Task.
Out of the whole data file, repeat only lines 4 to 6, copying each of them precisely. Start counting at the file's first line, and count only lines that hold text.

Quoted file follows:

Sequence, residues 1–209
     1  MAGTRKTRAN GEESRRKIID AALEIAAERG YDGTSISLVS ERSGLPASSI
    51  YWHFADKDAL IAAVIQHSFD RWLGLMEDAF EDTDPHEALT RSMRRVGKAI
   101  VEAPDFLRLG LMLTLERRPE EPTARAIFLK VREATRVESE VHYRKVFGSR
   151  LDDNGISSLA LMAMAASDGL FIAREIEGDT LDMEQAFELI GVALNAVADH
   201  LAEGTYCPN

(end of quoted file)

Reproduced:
   101  VEAPDFLRLG LMLTLERRPE EPTARAIFLK VREATRVESE VHYRKVFGSR
   151  LDDNGISSLA LMAMAASDGL FIAREIEGDT LDMEQAFELI GVALNAVADH
   201  LAEGTYCPN